Sailing “Ocean to Ocean,” Tori Amos Searches for Magic and the Muses

"I was drowning in a foot of water, in a puddle of tears," says the beloved piano siren.

Has it actually been a pretty good year?

That is one of the many questions beloved singer-songwriter Tori Amos wrestles with on her new album, Ocean to Ocean, her first since 2017’s Native Invader. The fiery piano siren had previously teased a new album last year, aiming to have it out by the 2020 presidential election. Alas, COVID-19 and the insurrection at the United States Capitol forced Amos to cancel her tour and album plans, a first for the 58-year-old music-industry veteran.

Ocean to Ocean is finally out this Friday (October 29). Amos’ European tour kicks off next spring, but she will be playing the piano in a very different world than the one she left on her last tour.

Logo spoke with Amos about a wide range of topics, including what led her to record an entire new album, what we can expect from her upcoming tour, her Halloween traditions, and what her 2002 road-trip opus, Scarlet’s Walk, means to her now.

Desmond Murray

So, when we last spoke for your Resistance book, you said you wanted an album out by the 2020 presidential election. And then you scrapped that album and wrote Ocean to Ocean. Have you ever scrapped an album before?

No, I haven’t. It’s shocking. Isn’t it? I’m 58 years old. If you had told me this is going to happen, if you told me, I don’t know, a couple years ago that this would occur, I would just say to you, “Not on my watch. That doesn’t happen.” And then, this crazy 18 months that we’ve all been through, has happened. I think we’ve all faced different challenges. When the tour was kicked down the road, I was supposed to be out early November. So I’d be in rehearsals right now in the States. And we would’ve started this tour for Ocean to Ocean, in just a couple weeks, but we had to make the decision in early August [to cancel] with the Delta variant… So we were, were trying to move it to spring, summer in the States, and then starting off in Europe. So yes, not to be so long-winded about it, but it’s never happened to me before.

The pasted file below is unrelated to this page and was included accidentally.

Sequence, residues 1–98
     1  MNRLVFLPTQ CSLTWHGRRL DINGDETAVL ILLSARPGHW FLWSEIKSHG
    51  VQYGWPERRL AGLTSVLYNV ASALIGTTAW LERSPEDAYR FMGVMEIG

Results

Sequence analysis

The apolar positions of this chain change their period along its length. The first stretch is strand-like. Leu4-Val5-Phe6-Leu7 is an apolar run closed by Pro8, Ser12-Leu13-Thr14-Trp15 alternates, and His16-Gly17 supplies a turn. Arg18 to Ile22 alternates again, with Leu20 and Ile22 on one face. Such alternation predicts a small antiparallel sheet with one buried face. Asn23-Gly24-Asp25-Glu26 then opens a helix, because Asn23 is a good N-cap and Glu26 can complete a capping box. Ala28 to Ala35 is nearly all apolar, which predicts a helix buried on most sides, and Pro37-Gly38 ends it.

How did you break it to the “girls” that they were being shelved?

Oh my gosh, some of them are still stalking me. Well, I think, there were some that, as songs, are valid. It’s not that they aren’t working as a song, some of them, but it just wasn’t the energy that I felt was part of this potion, this sonic potion. In one of the songs [“Barons of Suburbia“] the girls taught me years ago, “We’re piecing a potion to combat this poison”. It was that phrase that kept coming back to me, and I finally realized that those songs weren’t the thing that was going to change the frequency, and I needed to change where I was. Maybe I had been a bit emotionally paralyzed from the last, well, not just the lockdown, but what had been going on in the States and the insurrection and some of our elected officials willing to turn their back on our constitution and democracy. I just think I hit a wall, to be honest with you.

Of course, us fans are dying to know if we’ll ever hear the songs that were put aside?

I don’t know. There might be a time for them and a context for them, I’m not sure. Maybe they’ll come out one day. Maybe they’ll have their own B-side little life. But, for right now, they weren’t the ones that I felt were going to have the magic. They had something, some of them were worried and concerned and maybe they were just in a place where a lot of us have found ourselves over the last four years, in the States. And I found that I needed to get out of that place. I don’t know about you, Chris, but I needed some magic. I needed to feel like I feel when I’m in the greenhouse, with the tomatoes and the squash and the pumpkins. And I just was like, “Now this is regeneration.” More like earth mother energy and the coordination — it’s hard to describe it because it’s ancient, but it’s fresh. There’s something new about it, like a rebirth after a death experience, that kind of archetypal energy, something so ancient and yet pieces of yourself that don’t seem to be working for you anymore. And so I needed to find those songs.